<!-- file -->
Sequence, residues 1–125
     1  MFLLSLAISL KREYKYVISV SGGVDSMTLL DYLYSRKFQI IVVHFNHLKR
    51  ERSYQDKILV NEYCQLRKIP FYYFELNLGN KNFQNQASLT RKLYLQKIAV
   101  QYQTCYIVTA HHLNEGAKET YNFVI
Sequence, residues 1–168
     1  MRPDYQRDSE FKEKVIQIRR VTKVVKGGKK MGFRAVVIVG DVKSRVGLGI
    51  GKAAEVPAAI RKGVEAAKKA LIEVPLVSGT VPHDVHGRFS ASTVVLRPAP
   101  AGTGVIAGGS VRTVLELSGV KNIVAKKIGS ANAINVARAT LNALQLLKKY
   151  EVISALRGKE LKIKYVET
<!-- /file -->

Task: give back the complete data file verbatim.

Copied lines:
Sequence, residues 1–125
     1  MFLLSLAISL KREYKYVISV SGGVDSMTLL DYLYSRKFQI IVVHFNHLKR
    51  ERSYQDKILV NEYCQLRKIP FYYFELNLGN KNFQNQASLT RKLYLQKIAV
   101  QYQTCYIVTA HHLNEGAKET YNFVI
Sequence, residues 1–168
     1  MRPDYQRDSE FKEKVIQIRR VTKVVKGGKK MGFRAVVIVG DVKSRVGLGI
    51  GKAAEVPAAI RKGVEAAKKA LIEVPLVSGT VPHDVHGRFS ASTVVLRPAP
   101  AGTGVIAGGS VRTVLELSGV KNIVAKKIGS ANAINVARAT LNALQLLKKY
   151  EVISALRGKE LKIKYVET